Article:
• Internet sites with reviews of attractions like tripadvisor.com. This site makes you pick a city/town to get a list of recommended attractions rather than something state-wide. Look at a map to see what towns or cities will be close to your route.
  • Roadsideamerica.com offers lists of attractions and zany things to see by state, so you don’t always need to select a town (though they have that feature as well).
Now that you have your list of sights to see, get back on an online mapping tool and find out where they are in terms of routing. You could have three attractions on one side of the state and two on the other. Make separate lists of the sights according to where they are in the state/proximity to each other. Star or highlight any sights you and your group prefers the most.

Step Four: Create Your Own Road Trip Map
With your lists of attractions in hand, now take a hard look at your route. Do you want to get off the highway?Yes? I don’t blame you!

Get back on your online mapping tool and pick the closest state attraction in the first state you’re visiting and plug it in with your start address. I always start off with the highway route to quickly get to my first stopping point and then wander the back roads from there. Print out each "segment" of your road trip directions and any available printable map as you take each of these steps.

Continuing from there, where is next closest attraction that will have you continuing in the correct direction? Find out how to get there from your first attraction using back roads. Google Maps lets you request a non-highway route.

After your second attraction (or third), select your lodging destination (don’t have to make a reservation yet, that’s next) and either take highways or back roads to get there depending on how much time you’ll have left. Make sure you’ll have enough time at each attraction plus plenty of time to travel between all the attractions and your lodging. I also always make my road trip lodging destination one that has some kind of attraction or other point of interest there.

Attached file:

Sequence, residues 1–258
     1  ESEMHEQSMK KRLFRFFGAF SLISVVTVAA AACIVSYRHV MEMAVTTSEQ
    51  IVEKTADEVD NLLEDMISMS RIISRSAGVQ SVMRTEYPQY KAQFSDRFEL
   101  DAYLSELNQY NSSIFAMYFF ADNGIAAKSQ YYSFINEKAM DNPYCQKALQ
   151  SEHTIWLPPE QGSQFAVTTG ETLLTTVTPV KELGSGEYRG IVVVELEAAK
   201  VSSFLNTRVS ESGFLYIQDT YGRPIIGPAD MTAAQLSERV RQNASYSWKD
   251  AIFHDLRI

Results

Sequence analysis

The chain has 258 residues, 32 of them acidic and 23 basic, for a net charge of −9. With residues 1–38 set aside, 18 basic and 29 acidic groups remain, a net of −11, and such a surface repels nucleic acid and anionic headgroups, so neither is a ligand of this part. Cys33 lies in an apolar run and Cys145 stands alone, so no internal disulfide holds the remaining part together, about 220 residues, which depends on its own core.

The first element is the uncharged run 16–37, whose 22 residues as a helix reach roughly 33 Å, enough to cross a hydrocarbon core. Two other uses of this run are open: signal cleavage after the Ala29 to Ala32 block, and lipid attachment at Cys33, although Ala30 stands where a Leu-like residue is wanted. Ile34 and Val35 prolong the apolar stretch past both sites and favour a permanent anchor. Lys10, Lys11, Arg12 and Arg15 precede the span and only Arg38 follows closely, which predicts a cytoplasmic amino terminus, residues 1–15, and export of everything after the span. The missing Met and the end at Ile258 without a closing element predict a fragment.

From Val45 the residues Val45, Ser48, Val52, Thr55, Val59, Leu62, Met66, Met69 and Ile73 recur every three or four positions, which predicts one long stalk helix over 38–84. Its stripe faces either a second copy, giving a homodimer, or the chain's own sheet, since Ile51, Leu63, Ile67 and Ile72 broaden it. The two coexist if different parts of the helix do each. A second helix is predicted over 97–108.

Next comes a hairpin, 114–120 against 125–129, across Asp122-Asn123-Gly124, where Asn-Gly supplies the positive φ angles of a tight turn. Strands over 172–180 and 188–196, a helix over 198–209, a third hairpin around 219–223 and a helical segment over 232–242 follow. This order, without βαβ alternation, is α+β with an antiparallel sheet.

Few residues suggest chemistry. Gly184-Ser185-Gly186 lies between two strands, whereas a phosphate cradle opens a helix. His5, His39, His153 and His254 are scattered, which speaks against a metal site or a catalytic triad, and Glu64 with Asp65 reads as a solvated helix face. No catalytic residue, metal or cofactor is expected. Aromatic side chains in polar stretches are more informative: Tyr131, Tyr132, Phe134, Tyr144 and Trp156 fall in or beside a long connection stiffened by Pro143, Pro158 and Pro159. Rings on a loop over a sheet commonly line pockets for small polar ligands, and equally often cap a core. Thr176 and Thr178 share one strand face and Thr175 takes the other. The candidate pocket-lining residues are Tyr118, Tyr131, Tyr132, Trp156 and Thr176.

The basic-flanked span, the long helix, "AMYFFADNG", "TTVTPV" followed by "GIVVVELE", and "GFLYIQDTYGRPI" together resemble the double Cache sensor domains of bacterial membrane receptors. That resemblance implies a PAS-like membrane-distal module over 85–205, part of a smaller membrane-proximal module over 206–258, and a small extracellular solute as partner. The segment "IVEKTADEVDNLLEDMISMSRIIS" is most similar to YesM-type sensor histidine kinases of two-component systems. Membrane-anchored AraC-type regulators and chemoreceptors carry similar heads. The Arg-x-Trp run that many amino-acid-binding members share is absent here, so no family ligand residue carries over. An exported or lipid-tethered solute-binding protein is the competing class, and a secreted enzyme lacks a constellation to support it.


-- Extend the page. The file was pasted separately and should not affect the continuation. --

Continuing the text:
Repeat these steps for each day of your road trip until you reach your destination.

Step Five: Create Your Own Road Trip Map
Finally, you have to figure out lodging and food along the way as well as at your destination. Breakfast is usually a no-brainer, just go to a local restaurant or get something easy in town to take on the road.

Lunch is a different matter. Look at each day and figure out where you’ll be on your route between noon and 1:30 pm. The larger towns usually have restaurants that you can find online. Do your research and find a town with a restaurant or other eatery that will be along your route during that time slot. Check to make sure they’re open for lunch on the day you’ll be passing through.

Definitely try to fit in as many interesting and regional restaurants/diners/hamburger huts/drive-ins/etc. as you can. Half the fun of a road trip can be the different road foods you can sample and the unique and funky eateries that are attractions unto themselves.

Do the same homework to find out where you’ll eat for dinner at your lodging destination. In fact, now it’s time to figure out where to stay! When you make your lodging reservations, it’s a good idea to call the hotel directly to book your room and while you’re on the phone, pick their brain about where to eat. Once you get a recommendation, though, you still need to get back online and make sure there aren’t a ton of bad reviews about the recommended restaurant. There’s always a bad review or two most of the time – you can’t please everyone – but what you’re looking for is a general consensus.

Once you’ve got your trip to your destination figured out, all your lodging reservations made for the trip to your destination, lodging for your destination itself, and all meals figured out, do the same thing for your return trip. Try to travel a different route on your return and hit some of those attractions and interesting towns you missed before.

Put all your printed directions and road trip maps for each "segment" of your trip in a small binder to keep them together and prevent them from getting lost. Put each part of your road trip map in sequential order so you’ll be able to follow it easily. Make sure to pack “real” maps, too – or, even better, get a GPS system or get GPS technology on your cell phone from your service provider.

Now you’ve created your very own road trip map /itinerary that will get you to and from your destination with the maximum amount of entertainment and adventure!